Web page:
McCain's unbridled, almost manic, bellicosity with respect to the quagmire in Iraq is too well known to require elaboration. But the sophistication of his military strategy with respect to that country can be inferred from his remarks to a group of bikers in Sturgis, S.D.: "We'll win it the right way, and that's by winning it!"
Apparently, though, McCain's neoconservative handlers have already grown tired of the generational struggle against "Islamofascism" (not to mention their long-planned intention to bomb Iran), for they are already pivoting McCain into a stance of maximal belligerence against Russia.
Much has been made about McCain's relationship with his principal foreign policy handler, Randy Scheunemann, heretofore a paid lobbyist of the Republic of Georgia, and who still benefits financially from part ownership of the lobbying firm that continues to service the Georgia account. This is clearly a conflict of interest and indicates the corruption that is endemic to political campaigns of both parties. But to try to explain McCain's actions in this way is to misunderstand the man.
Scheunemann is merely a toad overstuffed by one too many lunches at the Capitol Grill, in sum, a typical Washington success story. But McCain is sui generis. If Scheunemann had never existed someone else would be writing precisely the same talking points for the presumptive Republican candidate. McCain's love of war and diplomatic brinkmanship is nothing if not sincere. Perhaps it is the only sincere thing about the man.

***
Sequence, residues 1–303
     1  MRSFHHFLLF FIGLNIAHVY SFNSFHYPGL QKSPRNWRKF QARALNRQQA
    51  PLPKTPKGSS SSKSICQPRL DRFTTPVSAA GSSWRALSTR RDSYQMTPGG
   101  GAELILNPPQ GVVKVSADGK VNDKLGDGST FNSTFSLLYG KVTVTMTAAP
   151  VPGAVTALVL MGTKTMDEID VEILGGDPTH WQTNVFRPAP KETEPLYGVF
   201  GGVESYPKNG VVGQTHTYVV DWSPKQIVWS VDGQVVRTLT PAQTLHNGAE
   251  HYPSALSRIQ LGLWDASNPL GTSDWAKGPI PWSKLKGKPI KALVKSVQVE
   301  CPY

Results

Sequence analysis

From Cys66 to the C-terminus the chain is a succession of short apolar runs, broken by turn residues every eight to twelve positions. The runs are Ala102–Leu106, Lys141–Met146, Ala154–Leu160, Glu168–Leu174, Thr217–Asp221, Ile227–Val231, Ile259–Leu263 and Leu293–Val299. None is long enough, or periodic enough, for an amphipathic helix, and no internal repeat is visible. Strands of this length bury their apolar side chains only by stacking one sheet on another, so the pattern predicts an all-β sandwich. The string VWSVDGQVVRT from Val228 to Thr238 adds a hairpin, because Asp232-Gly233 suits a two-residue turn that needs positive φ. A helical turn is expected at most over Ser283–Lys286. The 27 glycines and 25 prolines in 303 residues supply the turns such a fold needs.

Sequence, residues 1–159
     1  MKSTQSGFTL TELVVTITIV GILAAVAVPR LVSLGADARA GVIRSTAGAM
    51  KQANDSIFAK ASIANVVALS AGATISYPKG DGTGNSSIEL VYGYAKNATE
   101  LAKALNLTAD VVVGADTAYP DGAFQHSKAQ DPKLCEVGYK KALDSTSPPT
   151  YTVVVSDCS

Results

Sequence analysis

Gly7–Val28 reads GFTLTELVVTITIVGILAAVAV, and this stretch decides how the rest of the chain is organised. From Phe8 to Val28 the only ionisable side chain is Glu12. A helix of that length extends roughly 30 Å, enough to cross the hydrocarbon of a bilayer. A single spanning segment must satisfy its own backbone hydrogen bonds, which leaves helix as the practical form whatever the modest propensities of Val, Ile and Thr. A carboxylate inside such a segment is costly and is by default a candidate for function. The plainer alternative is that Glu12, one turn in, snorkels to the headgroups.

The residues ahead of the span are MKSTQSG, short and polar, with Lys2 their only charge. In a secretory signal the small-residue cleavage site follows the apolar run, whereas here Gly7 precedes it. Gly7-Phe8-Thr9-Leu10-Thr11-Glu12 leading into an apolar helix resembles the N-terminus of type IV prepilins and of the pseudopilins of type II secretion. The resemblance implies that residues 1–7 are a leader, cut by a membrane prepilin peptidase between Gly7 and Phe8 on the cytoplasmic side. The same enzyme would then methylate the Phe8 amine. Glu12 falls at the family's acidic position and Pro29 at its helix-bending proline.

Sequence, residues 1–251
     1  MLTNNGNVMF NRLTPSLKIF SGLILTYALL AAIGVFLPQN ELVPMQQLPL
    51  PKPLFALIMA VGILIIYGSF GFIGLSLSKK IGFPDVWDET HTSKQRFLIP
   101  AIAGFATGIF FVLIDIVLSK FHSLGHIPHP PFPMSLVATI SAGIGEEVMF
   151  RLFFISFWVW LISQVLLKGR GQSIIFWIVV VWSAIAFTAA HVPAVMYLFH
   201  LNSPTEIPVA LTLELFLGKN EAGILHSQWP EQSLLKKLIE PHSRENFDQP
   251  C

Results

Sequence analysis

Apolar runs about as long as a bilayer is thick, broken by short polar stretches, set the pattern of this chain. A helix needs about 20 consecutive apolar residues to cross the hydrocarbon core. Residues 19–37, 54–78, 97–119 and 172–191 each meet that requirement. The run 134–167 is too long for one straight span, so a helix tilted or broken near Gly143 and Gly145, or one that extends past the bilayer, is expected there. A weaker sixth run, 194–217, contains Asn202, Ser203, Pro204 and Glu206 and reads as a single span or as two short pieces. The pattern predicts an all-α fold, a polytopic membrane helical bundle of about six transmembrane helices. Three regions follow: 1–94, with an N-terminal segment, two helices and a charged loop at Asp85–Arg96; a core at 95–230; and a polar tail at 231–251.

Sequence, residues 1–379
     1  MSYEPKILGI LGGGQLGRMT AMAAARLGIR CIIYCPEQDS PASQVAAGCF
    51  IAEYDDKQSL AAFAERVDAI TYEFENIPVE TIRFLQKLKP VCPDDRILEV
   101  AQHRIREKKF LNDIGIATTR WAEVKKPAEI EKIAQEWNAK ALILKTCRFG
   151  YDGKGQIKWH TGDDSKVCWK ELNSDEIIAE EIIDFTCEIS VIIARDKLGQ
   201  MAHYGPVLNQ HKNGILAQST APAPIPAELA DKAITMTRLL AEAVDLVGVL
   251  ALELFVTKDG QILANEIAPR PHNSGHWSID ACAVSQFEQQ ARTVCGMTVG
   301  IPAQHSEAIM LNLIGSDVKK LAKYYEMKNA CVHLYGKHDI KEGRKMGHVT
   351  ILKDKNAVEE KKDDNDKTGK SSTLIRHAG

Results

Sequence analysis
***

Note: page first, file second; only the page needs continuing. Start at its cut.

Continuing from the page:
Democrats are finally stumbling onto the fact, although the press has yet to discover it, that McCain is a serial flip-flopper and prevaricator. Across virtually the entire spectrum of domestic policy McCain has held one position and then jumped to the polar opposite, apparently without noticing the inconsistency (and his pals on the press bus are too polite to bring it up):
A recipient of cash and favors from savings and loan fraudster Charles Keating, McCain reminted himself as the Conscience of the Senate, to the hosannas of an adoring and amnesiac press.
McCain could not in good conscience support tax cuts that disproportionately favored the rich – until he began to sniff the incense of a Republican presidential coronation ceremony.
He was against offshore oil drilling before he was for it.
Wearing the garb of the Serious Centrist (a mythical species that David Broder venerates), McCain railed against "agents of intolerance" like Jerry Falwell, but crawled to Canossa when Republican base-pandering mandated that he must give a cringing speech at Falwell's Liberty University.
Even on his signature issue of torture McCain postured as an implacable foe of the Bush policy right up until the primary season commenced. Since then he has voted "no" on measures that would ban torture or confine CIA interrogation techniques to those permitted by the U.S. Army Field Manual.
And so on. McCain's hypocrisy is perhaps somewhat more egregious than the practices of the average politician, but not markedly so. After all, politicians do not have principles, they have positions. No doubt the Democrats will make heavy weather of these flip-flops, as they are clearly entitled to. But in so doing they miss the central point about John McCain.